Looking ahead, Vos still has plenty of races on her wish list. "Well, the Olympic road race, that’s one," she said. The London Olympics are fast approaching and Vos wants to be on her best form on the day. 82399178_mediumIn 2012 Vos will focus on the road events. She will not attempt the omnium event on the track. She won the points race in Beijing, but Vos has decided to put her full energy into the road events at the 2012 Olympic Games.

Vos attributed her decision partly to the new omnium format, which makes it significantly more difficult to combine the road events with the track. "Three years ago, I got Olympic Champion in the points race, but the points race is something different, you can easily combine it with the road," Vos explained.

The omnium emphasizes sprint events that are not an ideal complement to road racing. "For the omnium you have to focus on the shorter races. You have to focus on top speed. And, that makes it hard to combine with the road," said Vos.

And Vos wants most of all to win on the road. "You don’t want to do the road race half," she said. Her victory in the points race may well have come at the cost of success on the road in Beijing where she finished sixth in the road race and fourteenth in the time trial.

Next season, "it’s going to be the road to London" for Vos. She will focus her training and race schedule on hitting the perfect peak for the Olympic road race. "I already have the Gold on the track, and my focus is on the road, because that’s my ultimate goal," she said matter-of-factly. Vos, she knows where she is going.


The London Olympic course is mostly flat, but after previewing it last week, Vos does not rule out a split over the climb on Box Hill. "The Box Hill climb, it’s pretty tough, it’s pretty steep and it goes up. So that’s pretty hard," she said. But there is around 40 kilometers of mostly flat racing between the climb and the finish line.

"With a small bunch and small teams, it’s hard to make a hard race and to get a split and work together to the finish," Vos said. If the teams decide to work hard on the climb, Vos believes it might be possible to force a split. "Otherwise, everyone will come back," she said.

Marianne Vos, World Championship Preconceptions about the course tend to influence how the race unfolds. "Like the worlds, if they say it’s hard before the race, then everyone’s scared and waits for the climbs," said Vos. "Every favorite wants to wait for the final climb, and save their energy for the last hill." A hard course can intimidate the riders into playing it safe. "If it’s easy, then, it’s going to be hard, because everyone’s going to race from the start."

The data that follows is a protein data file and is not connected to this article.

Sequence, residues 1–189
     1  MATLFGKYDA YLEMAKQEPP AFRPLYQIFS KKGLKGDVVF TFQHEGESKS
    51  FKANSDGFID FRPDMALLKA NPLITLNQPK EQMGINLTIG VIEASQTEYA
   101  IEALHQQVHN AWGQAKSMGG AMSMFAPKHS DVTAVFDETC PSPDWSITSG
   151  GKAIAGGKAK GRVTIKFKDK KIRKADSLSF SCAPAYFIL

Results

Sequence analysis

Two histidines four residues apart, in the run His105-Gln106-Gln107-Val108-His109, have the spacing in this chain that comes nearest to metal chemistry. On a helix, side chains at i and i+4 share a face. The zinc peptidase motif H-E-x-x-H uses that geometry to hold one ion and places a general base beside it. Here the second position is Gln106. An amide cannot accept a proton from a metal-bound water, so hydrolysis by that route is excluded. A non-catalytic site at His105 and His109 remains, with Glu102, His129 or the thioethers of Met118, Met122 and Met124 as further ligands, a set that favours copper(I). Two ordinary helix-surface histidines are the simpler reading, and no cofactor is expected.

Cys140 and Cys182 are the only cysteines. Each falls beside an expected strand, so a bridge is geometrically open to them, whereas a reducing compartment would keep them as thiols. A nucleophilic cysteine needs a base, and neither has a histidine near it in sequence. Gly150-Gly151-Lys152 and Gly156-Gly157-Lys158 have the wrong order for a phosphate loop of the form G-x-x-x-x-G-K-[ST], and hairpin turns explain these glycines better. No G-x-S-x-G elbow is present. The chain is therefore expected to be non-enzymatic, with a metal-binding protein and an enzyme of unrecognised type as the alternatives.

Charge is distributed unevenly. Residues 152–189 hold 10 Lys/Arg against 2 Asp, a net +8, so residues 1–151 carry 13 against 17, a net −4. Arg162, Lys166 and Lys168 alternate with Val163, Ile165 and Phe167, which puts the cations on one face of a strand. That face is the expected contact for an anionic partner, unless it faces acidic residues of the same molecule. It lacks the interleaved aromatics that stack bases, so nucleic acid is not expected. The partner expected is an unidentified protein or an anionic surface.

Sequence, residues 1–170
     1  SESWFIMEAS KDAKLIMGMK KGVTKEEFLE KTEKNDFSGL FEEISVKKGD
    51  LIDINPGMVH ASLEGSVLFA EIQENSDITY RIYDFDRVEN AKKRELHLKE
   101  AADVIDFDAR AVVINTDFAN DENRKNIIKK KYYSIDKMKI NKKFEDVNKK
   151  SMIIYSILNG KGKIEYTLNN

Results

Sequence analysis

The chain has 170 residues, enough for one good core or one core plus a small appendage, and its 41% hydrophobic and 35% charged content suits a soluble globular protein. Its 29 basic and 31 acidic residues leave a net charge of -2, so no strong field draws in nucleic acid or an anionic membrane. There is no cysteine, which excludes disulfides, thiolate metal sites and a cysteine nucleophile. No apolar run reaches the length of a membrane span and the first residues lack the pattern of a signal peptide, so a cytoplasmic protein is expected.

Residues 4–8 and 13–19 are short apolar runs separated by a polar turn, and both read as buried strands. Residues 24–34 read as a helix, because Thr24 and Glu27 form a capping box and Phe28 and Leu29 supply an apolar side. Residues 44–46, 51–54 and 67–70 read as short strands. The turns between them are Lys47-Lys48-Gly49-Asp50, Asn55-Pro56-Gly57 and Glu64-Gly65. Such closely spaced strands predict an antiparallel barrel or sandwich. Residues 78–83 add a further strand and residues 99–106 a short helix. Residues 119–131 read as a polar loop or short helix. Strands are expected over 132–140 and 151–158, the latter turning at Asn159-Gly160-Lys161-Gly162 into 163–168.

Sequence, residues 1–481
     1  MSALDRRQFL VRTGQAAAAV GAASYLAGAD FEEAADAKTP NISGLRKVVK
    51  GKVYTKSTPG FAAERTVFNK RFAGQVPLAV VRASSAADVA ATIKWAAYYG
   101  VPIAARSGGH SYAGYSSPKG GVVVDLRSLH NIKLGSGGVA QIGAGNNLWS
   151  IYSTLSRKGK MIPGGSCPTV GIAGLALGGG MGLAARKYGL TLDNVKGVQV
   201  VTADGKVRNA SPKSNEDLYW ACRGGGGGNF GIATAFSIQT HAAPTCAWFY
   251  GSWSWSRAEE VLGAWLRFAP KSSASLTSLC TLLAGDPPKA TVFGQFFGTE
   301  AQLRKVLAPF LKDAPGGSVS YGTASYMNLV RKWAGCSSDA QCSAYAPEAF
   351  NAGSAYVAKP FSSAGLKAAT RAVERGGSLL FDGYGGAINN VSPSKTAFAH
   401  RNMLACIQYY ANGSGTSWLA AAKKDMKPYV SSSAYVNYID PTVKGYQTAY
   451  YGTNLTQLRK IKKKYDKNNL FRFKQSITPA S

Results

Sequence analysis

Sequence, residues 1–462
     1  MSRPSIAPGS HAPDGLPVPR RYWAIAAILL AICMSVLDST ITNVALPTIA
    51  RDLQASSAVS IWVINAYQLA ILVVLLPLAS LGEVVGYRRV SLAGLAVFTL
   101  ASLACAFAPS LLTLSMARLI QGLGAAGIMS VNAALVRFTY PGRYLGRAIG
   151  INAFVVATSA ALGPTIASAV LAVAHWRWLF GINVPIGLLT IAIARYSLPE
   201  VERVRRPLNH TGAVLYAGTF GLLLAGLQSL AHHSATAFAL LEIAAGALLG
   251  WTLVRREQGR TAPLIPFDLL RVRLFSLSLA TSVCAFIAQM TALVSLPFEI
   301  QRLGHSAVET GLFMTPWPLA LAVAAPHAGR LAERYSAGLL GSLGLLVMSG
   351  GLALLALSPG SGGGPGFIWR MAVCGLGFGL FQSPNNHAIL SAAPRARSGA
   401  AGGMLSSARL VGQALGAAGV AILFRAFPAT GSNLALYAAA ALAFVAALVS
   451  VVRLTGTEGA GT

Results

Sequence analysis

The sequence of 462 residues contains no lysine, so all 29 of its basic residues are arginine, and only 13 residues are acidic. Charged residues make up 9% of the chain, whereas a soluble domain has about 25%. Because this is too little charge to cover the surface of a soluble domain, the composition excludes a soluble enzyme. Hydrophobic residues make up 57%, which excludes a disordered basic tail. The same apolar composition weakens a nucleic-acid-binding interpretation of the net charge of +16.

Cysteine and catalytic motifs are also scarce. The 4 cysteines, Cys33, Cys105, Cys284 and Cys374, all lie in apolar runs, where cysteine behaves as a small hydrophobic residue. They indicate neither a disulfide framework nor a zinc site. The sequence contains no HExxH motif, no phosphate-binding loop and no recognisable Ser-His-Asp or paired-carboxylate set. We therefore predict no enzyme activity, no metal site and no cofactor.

Despite the climb and the possibility of attacking tactics, Vos thinks a big group will reach the finish together. "I think it’s going to be a sprint from a group, but maybe it’ll get smaller on Box Hill," she concluded. If the race does come down to a sprint, Vos will have to out-jump riders like current World Champion Giorgia Bronzini, reigning Olympic Champion Nicole Cooke, Trixi Worrack, Shelley Olds, and Emma Johansson.

Vos is no slouch in a sprint, of course. She won her World Championship title in 2006 from a bunch sprint ahead of Trixi Worrack and Nicole Cooke. Last year, she lost the Worlds sprint in Geelong to Bronzini. Vos has finished second at Worlds four years in a row. Sometimes consistency is frustrating.

"It’s only a year to go," said Vos of the London Olympics. "We were on the course on Sunday, and we did the course with the barricades and the spectators and it was really cool, and I felt the goosebumps coming up."


Like many riders, Vos also dreams of a win at the Ronde van Vlaanderen. This year, her Nederland Bloeit team-mate Annemieke van Vleuten won in Meerbecke, while Vos finished third. In 2010 Vos finished second, her highest ever finish. "It’s a hard race," Vos said of the cobbled monument and she does not expect to win it just yet. "It makes me go on for a few more years, I think. It’s really cool."

There are always new challenges, and so far, despite her many wins, Vos has not grown stale on the sport. "If you see you’re still improving, and I think I can still improve my time trial and my climbing capacities. That’s what motivates me."

Vos has the Olympic road race in her sights, and next year, the World Championship races take place in Valkenburg in her home country. "I don’t have to worry about my goals. There’s still a lot to come," she promised.


Thanks to Bart Hazen for the use of his photos of Marianne Vos on the Mur de Huy, celebrating victory, and racing in the Pink Jersey. All other photos are courtesy Getty Images Sport. All photos are copyright their owners and used with permission.